“Teacup” Yorkshire Terrier is a common term used to describe tiny adult Yorkshire Terriers (less than 4 pounds). The AKC and other kennel clubs don’t recognize the Teacup as a separate variety of the breed, and breeding practices for the “Teacup” are controversial and widely discouraged by responsible breeders. Teacups are bred to resemble Yorkie puppies for a mass market appeal. Health issues are a major concern with Teacups: the mother faces a great risk during pregnancy because she’s too small to give birth naturally, resulting in a high mortality rate.
Although members of the Toy Group, Yorkshire Terriers embody many strong features shared in the Terrier Group.
The Yorkie’s above average intelligence, loyalty and small size make it easy to train. Always up for an adventure, Yorkies love to accompany their owners on walks, at the park or even just running errands. They don’t do well if left alone for long periods of time. Yorkies crave attention and love a good play session or a warm lap.
They’re also highly courageous dogs not known for timid or fearful personalities. Their bravado and loyalty make them overprotective with their owners — they’d be excellent watchdogs if not for their size. Yorkies tend to bark a lot, but with regular attention and training, their excessive barking can be curbed.
Because originally bred as working dogs, Yorkies tend to need a lot of physical and mental stimulation. Short walks and indoor play time should be part of their everyday routine to satisfy a higher than average energy level.
Like all purebreds, Yorkies aren’t immune to certain hereditary conditions and health problems. The most common concerns include retinal dysplasia, Legg-Calve-Perthes disease (thigh bone degeneration), luxating patella (kneecap dislocation), collapsed trachea, and portosystemic shunt (a liver condition). Yorkshire Terriers have a longer than average lifespan of 14-16 years.
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Yorkshire Terrier: Lola
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Injury/Illness: Autoimmune disease
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Check out this video to see the Yorkshire Terrier in action and to learn more about this breed.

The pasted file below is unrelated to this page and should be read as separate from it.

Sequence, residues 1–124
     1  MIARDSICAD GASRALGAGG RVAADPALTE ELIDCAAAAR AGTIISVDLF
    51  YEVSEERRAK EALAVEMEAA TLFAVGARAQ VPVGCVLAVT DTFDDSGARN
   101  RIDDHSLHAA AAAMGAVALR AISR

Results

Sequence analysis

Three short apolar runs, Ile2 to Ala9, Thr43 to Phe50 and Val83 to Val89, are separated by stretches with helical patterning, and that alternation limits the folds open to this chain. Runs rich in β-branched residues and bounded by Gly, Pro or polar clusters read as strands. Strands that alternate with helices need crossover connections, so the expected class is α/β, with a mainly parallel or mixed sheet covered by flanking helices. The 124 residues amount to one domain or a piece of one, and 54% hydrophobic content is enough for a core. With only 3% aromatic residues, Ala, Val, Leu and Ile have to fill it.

Below is a breakdown of the Yorkie’s characteristics to help you choose if this sprightly, clever little pup is a good match for you and your family.
- Minimal Need for Experience: This breed is a good fit for new dog owners with little experience.
- Good Adaptability: Yorkies don’t require a yard and are well-suited for apartment living. This breed handles heat well but doesn’t tolerate cold climates due to its size.
- Moderate Activity: Short walks and indoor play will keep these energetic dogs happy. They don’t need much exercise to stay in shape.
- Good with Children: This breed behaves well with kids, as long as you show them how to be gentle with the dog. They’re also very friendly with strangers, but can be shy around other pets.
- Moderately Easy Training: The Yorkshire Terrier is an intelligent dog that loves to please, so training (including house breaking) is usually relatively easy. Some, however, can be stubborn but will learn gradually.
- High Grooming Maintenance: The Yorkie’s coat requires regular grooming and clipping.
- Minimal Shedding: This breed is an excellent choice if you don’t want dog hair all over your house and car.
- Moderate Watchdog Ability: The Yorkie will bark and alert its owners of unwanted intruders, but its size won’t be a deterrent.
What are the most important characteristics of a dog breed for your lifestyle?